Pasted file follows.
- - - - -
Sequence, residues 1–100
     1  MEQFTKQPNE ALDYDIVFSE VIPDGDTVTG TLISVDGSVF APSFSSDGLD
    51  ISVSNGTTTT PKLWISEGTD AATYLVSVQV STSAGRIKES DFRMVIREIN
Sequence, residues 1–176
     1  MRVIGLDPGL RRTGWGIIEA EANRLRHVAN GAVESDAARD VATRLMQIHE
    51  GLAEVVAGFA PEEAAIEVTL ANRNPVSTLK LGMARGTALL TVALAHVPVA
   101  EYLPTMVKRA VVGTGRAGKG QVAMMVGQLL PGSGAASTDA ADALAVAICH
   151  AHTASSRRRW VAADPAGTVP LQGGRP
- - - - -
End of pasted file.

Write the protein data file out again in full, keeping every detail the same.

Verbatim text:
Sequence, residues 1–100
     1  MEQFTKQPNE ALDYDIVFSE VIPDGDTVTG TLISVDGSVF APSFSSDGLD
    51  ISVSNGTTTT PKLWISEGTD AATYLVSVQV STSAGRIKES DFRMVIREIN
Sequence, residues 1–176
     1  MRVIGLDPGL RRTGWGIIEA EANRLRHVAN GAVESDAARD VATRLMQIHE
    51  GLAEVVAGFA PEEAAIEVTL ANRNPVSTLK LGMARGTALL TVALAHVPVA
   101  EYLPTMVKRA VVGTGRAGKG QVAMMVGQLL PGSGAASTDA ADALAVAICH
   151  AHTASSRRRW VAADPAGTVP LQGGRP